A generation ago, curators entered museum work with the full expectation that they — by virtue of past practice and their own significant subject expertise — would provide the singular voice of authority over their collections. In the past ten years or more, curators have found this expectation almost completely upended. Museum directors are reconsidering the role of the curator, what viewpoint the institution presents in an exhibition, and who chooses what objects for exhibitions. The curatorial perspective has been found to be too narrow, too personal, too internally-focused, and often overly intellectual. Others complain that the curator-driven exhibition does not consider visitors’ learning styles, what visitors care about, and that curators have routinely failed to take into consideration others’ viewpoints. Curators are pushing back, concerned that their expertise and content knowledge are not valued. Others curators are concerned that in a Wiki world everyone is called a “curator,” further eroding the significance of that title.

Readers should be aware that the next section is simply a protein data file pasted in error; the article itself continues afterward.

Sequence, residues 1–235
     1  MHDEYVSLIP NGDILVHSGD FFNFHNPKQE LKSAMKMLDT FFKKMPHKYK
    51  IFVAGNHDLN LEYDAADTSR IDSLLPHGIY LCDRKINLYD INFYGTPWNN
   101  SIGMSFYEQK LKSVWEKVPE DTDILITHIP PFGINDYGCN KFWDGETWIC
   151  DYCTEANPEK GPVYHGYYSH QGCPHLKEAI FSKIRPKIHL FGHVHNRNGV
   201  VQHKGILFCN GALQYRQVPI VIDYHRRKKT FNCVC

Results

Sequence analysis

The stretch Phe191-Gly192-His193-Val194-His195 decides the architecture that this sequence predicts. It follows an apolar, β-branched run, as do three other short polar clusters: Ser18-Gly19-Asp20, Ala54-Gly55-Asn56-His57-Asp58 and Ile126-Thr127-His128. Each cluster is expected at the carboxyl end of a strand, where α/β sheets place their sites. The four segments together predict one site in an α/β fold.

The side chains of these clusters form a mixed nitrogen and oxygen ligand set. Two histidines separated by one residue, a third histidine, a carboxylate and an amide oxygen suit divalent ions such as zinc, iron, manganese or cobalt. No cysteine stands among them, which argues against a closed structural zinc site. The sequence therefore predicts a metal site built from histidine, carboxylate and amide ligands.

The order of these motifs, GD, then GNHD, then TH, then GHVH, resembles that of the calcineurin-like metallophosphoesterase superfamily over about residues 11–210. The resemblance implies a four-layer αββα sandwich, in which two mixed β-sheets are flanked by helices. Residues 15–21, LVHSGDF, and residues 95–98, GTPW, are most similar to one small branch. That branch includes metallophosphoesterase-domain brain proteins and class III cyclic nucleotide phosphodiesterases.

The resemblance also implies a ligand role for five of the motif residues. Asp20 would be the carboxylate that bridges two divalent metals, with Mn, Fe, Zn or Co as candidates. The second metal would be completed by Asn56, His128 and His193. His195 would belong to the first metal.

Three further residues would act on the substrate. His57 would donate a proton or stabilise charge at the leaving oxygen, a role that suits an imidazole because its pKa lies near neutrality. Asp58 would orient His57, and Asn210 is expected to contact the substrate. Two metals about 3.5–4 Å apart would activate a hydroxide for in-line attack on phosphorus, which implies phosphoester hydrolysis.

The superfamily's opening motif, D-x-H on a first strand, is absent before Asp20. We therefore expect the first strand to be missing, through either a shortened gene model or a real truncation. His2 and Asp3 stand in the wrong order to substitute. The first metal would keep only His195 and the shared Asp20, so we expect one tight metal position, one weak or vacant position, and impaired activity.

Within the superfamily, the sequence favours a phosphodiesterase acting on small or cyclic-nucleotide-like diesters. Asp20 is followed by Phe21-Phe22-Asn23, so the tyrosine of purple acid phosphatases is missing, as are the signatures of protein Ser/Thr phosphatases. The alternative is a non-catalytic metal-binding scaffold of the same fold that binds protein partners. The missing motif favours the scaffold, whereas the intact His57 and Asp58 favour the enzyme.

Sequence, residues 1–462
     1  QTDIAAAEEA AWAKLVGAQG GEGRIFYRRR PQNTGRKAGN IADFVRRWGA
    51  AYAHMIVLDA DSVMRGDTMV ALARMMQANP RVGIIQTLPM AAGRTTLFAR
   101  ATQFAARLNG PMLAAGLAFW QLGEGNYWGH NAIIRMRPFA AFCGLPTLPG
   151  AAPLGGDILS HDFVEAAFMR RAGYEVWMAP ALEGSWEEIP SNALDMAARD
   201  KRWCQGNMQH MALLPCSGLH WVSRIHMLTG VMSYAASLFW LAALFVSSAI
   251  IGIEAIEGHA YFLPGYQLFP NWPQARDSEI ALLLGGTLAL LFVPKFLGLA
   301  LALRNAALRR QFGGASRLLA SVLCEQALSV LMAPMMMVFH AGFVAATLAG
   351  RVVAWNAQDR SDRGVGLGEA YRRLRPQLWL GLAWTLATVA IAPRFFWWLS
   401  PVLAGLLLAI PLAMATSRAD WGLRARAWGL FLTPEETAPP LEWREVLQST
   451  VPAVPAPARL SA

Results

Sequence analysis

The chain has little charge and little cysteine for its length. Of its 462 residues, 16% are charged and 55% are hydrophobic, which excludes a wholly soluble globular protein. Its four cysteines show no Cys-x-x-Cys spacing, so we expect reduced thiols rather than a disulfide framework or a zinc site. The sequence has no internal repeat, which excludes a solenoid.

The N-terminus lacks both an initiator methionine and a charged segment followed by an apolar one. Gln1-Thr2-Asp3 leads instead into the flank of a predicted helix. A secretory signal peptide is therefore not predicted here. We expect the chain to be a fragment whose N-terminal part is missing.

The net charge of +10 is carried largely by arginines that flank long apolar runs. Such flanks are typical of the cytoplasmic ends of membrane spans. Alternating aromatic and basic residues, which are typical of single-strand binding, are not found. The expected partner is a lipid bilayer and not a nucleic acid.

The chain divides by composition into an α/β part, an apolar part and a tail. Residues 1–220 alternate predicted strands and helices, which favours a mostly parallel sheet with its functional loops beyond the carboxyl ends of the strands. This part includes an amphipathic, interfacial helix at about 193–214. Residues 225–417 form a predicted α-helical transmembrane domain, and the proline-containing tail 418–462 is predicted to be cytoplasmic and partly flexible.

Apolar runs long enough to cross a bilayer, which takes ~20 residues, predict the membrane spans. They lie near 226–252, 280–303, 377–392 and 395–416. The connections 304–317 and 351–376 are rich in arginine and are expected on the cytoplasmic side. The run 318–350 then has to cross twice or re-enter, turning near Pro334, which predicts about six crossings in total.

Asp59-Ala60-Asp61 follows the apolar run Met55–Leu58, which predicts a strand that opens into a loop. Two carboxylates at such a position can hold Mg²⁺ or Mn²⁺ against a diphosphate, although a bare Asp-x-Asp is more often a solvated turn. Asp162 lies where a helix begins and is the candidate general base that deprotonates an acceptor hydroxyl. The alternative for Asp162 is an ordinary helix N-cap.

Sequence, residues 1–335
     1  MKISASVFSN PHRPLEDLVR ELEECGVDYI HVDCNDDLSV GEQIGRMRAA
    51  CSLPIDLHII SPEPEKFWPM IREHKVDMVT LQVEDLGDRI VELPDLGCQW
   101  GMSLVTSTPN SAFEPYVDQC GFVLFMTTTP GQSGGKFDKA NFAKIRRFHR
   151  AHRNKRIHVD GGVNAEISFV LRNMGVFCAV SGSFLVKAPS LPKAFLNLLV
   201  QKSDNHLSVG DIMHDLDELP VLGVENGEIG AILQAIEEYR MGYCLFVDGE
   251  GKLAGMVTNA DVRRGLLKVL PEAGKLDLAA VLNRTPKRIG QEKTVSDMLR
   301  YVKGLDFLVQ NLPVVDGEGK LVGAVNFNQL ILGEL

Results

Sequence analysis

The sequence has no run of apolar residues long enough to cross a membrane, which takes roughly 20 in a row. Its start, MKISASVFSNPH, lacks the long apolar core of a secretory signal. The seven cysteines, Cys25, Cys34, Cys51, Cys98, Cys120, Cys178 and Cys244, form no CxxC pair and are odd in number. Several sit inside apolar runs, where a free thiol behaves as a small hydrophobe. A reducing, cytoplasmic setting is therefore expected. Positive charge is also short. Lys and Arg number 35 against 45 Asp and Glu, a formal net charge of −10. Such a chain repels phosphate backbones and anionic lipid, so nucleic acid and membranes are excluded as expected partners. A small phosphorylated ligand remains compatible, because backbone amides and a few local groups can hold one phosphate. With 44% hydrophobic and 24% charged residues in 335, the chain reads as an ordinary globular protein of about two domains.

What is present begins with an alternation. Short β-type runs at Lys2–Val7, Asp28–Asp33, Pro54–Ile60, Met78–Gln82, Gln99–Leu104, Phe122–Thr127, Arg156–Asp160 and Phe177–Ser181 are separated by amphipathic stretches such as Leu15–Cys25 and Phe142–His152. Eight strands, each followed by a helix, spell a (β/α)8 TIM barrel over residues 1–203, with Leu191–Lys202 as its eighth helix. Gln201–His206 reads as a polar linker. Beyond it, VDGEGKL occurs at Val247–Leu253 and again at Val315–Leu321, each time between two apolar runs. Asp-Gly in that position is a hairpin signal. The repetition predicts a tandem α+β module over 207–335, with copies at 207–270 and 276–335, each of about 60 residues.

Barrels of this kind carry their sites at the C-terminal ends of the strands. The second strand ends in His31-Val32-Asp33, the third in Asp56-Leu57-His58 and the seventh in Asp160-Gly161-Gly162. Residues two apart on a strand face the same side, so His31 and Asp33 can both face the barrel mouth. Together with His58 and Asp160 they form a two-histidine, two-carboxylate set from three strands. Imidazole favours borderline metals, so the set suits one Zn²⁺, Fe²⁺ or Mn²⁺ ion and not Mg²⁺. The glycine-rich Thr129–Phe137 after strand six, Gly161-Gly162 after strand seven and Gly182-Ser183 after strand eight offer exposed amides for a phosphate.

This class will explore various ways in which the curator’s role has substantively changed/evolved from that of content expert and storyteller. We’ll discuss the impetus for some of these changes, including new expectations of visitors seeking user-driven experiences, concerns about how visitor disinterest may threaten institutional income, the greater voice afforded to sponsors/funders, and the realization that visitors have not always been well-served by curatorial interpretation. Case studies and guest speakers will help us understand the challenges that museums, as reflected in the changing role of the curator, are facing.